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Down to Earth: Structure makes winter gardens sing

Give your garden structure in the form of hedging and it will look lovely year-round, even in the dead, dread days of January, writes Cambridge designer Robert Barker

Euonymus (53467652)
Euonymus (53467652)

It is no coincidence that New Year resolutions are made when the garden is at its bleakest. We are, after all, giving ourselves an easy ride. Things can only get better.

For some of us though, that optimistic and positive outlook is hard to muster, especially when the garden looks like an expanse of bare soil and sad lawn. Of course, the garden isn’t dead but sleeping, yet I can appreciate that for some it is hard to imagine it waking up at all when it looks so desolate.

Well, there are a few design tricks that you can start to plan for now that will create interest in your garden next winter even on the coldest and bleakest of days.

A key element to my designs is structural planting. Indeed, to avoid the winter bleakness, I design my gardens to be as structural as possible. This creates a backbone for the garden, providing wonderful interest that has a beauty of its own.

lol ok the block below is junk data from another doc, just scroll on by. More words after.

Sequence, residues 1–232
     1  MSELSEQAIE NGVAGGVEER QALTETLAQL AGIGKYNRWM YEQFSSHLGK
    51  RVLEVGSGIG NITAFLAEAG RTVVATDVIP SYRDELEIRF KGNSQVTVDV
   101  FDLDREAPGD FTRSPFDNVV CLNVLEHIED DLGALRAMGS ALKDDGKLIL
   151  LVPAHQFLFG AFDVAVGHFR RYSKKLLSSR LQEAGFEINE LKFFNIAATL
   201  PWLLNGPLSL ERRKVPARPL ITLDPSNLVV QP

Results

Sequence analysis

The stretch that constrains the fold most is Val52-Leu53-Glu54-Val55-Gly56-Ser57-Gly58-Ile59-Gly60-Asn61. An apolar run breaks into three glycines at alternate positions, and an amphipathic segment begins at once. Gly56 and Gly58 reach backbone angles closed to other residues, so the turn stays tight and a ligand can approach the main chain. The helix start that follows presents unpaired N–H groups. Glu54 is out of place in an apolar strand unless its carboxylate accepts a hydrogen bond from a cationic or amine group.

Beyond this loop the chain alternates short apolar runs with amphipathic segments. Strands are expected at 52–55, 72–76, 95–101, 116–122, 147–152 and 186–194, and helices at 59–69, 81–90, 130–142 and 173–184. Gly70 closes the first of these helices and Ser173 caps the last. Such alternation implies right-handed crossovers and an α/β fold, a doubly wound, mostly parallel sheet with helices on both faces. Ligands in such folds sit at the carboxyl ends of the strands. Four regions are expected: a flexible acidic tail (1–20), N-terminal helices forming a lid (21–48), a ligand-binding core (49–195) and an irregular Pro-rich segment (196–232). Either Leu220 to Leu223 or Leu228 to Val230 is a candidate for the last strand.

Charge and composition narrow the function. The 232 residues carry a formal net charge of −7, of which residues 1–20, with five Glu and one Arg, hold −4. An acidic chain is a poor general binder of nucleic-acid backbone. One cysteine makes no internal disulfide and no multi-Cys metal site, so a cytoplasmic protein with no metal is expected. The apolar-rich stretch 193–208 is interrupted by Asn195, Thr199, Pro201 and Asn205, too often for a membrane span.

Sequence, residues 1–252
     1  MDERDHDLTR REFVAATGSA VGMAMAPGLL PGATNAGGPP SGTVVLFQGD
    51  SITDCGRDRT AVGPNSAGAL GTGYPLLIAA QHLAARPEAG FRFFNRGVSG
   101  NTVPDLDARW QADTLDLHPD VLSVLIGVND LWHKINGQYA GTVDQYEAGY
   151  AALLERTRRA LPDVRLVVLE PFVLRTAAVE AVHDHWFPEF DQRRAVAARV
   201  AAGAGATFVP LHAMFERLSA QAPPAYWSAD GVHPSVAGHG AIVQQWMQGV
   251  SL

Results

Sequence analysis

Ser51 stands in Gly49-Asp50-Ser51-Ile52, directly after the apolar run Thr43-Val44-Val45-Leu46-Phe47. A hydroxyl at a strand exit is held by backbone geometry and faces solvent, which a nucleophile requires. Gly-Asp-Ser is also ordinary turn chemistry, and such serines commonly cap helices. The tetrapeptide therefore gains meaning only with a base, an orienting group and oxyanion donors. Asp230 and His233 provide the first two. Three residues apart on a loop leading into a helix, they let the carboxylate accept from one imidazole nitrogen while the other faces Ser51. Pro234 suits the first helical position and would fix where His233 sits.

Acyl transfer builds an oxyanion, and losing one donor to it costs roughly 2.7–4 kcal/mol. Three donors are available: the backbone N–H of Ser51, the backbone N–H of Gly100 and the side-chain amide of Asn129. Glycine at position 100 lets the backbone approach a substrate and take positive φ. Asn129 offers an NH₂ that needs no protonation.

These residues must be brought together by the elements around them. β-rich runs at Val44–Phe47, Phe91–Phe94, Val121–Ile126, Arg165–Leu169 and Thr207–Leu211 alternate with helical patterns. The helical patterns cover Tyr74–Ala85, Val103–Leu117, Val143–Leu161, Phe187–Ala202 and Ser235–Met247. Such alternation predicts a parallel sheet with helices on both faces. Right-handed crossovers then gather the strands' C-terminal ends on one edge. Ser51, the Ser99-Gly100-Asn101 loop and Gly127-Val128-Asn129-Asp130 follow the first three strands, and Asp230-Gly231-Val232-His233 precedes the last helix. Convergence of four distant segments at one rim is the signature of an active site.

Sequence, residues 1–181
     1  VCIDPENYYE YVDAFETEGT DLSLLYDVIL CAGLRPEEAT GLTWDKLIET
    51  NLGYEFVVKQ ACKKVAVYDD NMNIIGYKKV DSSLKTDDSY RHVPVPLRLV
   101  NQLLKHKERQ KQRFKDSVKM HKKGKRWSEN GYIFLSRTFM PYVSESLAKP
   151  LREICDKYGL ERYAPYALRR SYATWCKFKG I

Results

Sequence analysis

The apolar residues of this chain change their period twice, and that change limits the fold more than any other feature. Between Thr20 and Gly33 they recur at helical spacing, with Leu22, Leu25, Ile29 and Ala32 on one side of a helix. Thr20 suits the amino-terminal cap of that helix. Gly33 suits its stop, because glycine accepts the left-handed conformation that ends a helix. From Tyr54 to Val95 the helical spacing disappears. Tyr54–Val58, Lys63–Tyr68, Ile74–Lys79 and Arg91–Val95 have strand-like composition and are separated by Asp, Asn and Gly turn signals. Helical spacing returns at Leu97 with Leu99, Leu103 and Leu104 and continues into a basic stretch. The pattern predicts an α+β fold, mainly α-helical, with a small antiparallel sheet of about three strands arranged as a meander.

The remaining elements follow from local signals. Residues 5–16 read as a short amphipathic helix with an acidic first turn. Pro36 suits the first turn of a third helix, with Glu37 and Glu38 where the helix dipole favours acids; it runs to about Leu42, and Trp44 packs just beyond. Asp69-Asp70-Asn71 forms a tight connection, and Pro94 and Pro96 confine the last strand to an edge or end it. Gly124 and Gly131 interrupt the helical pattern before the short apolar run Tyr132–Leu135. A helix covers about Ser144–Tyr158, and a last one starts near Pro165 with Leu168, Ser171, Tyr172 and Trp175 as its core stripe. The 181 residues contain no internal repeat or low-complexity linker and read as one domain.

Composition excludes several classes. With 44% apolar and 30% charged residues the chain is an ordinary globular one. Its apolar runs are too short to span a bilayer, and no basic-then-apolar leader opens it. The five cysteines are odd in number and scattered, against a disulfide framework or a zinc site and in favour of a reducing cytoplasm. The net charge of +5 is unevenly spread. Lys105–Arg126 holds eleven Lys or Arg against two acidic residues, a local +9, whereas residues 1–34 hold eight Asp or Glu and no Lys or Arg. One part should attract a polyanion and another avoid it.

Lonicera nitida (53467653)
Lonicera nitida (53467653)

Structure certainly doesn’t have to involve expensive hard landscaping; within all my designs I use hedging. If time is on your side, then hedging can be purchased at a small size relatively cheaply. Taxus baccata, Lonicera nitida and Euonymus ‘Green Rocket’ (as an alternative to Buxus) are just a few suggestions of plants that can be incorporated, in the form of block hedging and topiary, into an existing border or used en masse as a large hedging structure.

Using structural planting is definitely not an original concept of mine; it has been used within borders for decades. But surprisingly it wasn’t popularised until the mid 20th Century, during the contemporary planting movement, when the likes of Mien Ruys and later Giles Clement and Piet Oudolf saw the beauty in both its form and the way it can frame a garden.

The essence of the contemporary planting movement was the use of hedging in a simple, architectural, sometimes oblique, structural way that grounds a design and can work as a backdrop for loose natural planting. It is this structure that is so important in the winter months.

Taxus baccata (53467654)
Taxus baccata (53467654)

A contemporary structural garden provides architectural interest, not just in winter but also throughout the year. For example, in the summer months when the garden is full of colour, the structural hedging still frames the garden and anchors the space.

A mixture of a few seasonal star plants, evergreen structure, patience - and this time next year, your garden will be looking lovely and making sure you start the year on the front foot.

See robertbarkerdesign.com for more.

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